It’s all very well having a brilliant product or service, but no matter how good that product or service is, if you can’t position it with potential clients, you’ll never get buy in. Likewise, if you’re a business leader and you want your employees to complete Motivational Maps, you have to position it correctly with them, otherwise, no matter how insightful and useful the Maps are, the body politic will reject it!
So, how do we recommend organisations position the Maps to their staff? Here are 9 crucial steps!
1) Be frank and open
Okay, this one is fairly obvious, yet it’s amazing how easy it is to get wrong. Many organisations forget to tell their staff not only why they are undertaking certain initiatives but when and what too! I distinctly remember one morning walking into an office where I had worked for a year, only to find the entire place in chaos and all the desks re-arranged. Management had decided it was time to refresh the work-spaces and optimise synergies between departments. However, I only found this out long after the fact! No one had had any idea what they were planning except the COO (Chief Operations Officer). Management expected people to just turn up, find their computer, and carry on without asking a single question!
Therefore, if you are going to use Maps with a team, department, or even your whole organisation, make sure you clearly communicate what is happening to everyone involved via multiple channels (email, announcements during face-to-face meetings, bulletins on the pinboard, etc!).
2) Reassure staff that this is ABSOLUTELY not going to be used for evaluation purposes (or linked to pay reviews) but for developmental reasons instead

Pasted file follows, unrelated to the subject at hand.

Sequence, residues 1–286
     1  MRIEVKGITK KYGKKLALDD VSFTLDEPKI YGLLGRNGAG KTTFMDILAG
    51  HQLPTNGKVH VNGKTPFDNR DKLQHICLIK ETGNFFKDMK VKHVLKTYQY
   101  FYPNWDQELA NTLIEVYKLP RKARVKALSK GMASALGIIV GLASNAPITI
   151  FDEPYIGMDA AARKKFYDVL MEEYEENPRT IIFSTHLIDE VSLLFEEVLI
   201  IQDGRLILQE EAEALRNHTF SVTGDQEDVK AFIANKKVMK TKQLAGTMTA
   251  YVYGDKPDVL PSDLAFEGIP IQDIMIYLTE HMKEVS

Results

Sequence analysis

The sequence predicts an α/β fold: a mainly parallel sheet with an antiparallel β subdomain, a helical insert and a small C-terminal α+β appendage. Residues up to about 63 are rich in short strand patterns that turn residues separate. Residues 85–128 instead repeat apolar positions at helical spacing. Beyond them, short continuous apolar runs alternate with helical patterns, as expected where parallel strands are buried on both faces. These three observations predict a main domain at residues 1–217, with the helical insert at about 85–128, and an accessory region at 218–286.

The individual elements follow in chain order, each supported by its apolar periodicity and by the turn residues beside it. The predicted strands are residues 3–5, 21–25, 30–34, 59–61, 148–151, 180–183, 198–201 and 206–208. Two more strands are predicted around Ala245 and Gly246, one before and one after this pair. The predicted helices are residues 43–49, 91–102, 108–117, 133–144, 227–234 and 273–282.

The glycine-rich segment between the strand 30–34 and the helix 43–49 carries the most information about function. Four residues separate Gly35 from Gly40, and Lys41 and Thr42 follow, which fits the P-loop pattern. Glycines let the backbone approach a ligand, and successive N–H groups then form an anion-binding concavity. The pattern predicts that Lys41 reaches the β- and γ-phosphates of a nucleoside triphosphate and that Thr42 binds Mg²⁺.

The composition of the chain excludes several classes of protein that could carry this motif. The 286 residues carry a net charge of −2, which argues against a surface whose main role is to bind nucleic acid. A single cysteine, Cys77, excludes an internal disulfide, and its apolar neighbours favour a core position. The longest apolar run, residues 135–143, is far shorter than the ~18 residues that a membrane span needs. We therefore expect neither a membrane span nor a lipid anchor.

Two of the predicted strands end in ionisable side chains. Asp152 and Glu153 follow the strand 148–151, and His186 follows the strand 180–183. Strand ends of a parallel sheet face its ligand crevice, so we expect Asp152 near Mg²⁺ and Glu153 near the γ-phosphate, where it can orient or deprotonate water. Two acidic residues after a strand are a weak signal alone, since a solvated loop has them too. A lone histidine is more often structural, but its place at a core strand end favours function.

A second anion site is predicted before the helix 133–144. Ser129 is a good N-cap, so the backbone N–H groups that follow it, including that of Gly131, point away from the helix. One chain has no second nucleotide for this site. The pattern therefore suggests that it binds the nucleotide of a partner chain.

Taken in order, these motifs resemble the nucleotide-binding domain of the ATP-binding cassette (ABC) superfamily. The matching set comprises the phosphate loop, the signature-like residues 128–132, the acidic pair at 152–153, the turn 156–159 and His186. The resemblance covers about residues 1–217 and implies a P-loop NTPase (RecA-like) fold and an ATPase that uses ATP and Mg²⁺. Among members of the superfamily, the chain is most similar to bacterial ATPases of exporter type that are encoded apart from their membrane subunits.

Many employees can—justifiably—feel suspicious about any form of assessment in the workplace as there are many tools used to evaluate staff productivity, and this frequently result in layoffs and pay-freezes (even when this was not the original and intended use of the tool!).
Sadly, many employees feel they are already being excessively monitored at work, and if you do not correctly communicate what Maps is and what you’re trying to achieve with it, you run the risk of the Map being viewed as another form of control and needless data-gathering.
Reassure your staff, therefore, that the Maps is not linked pay-reviews, is not an evaluation tool, and that the aim is to develop your people and empower the employee by revealing what really drives them.
3) Be crystal clear about, and stick to, a well-defined process
In your communications, you should clearly outline what the process is going to be. When will the Maps be sent out, when do people have to complete it by, what will happen next (likely, they will have a session with a licensed Maps practitioner either in a group or one-to-one depending on the number of people involved)? The next challenge is of course to stick to this process as closely as possible so no surprises are in store for your teams!
4) Discuss how motivation and performance are linked and how traditionally training is always about skills, and motivation tends to be ‘assumed’ or overlooked
Firstly, many employers mistakenly tend to assume that money means motivation, but our research reveals that less than 10% of the population are actually motivated by financial incentives! We only need to look at the sheer number of people working for organisations such as the NHS to realise the truth of this! By acknowledging it, you will curry favour with your employees, because rather than patronising them with the idea that they are “only in it for the money”, you will instead be inviting them to reveal their true motivations, which are likely to be more complex. Having said this, some people genuinely are motivated by financial gain, and this is okay—all motivators are equal. The only “bad” situation from a Maps’ point of view is when our motivators are not being met!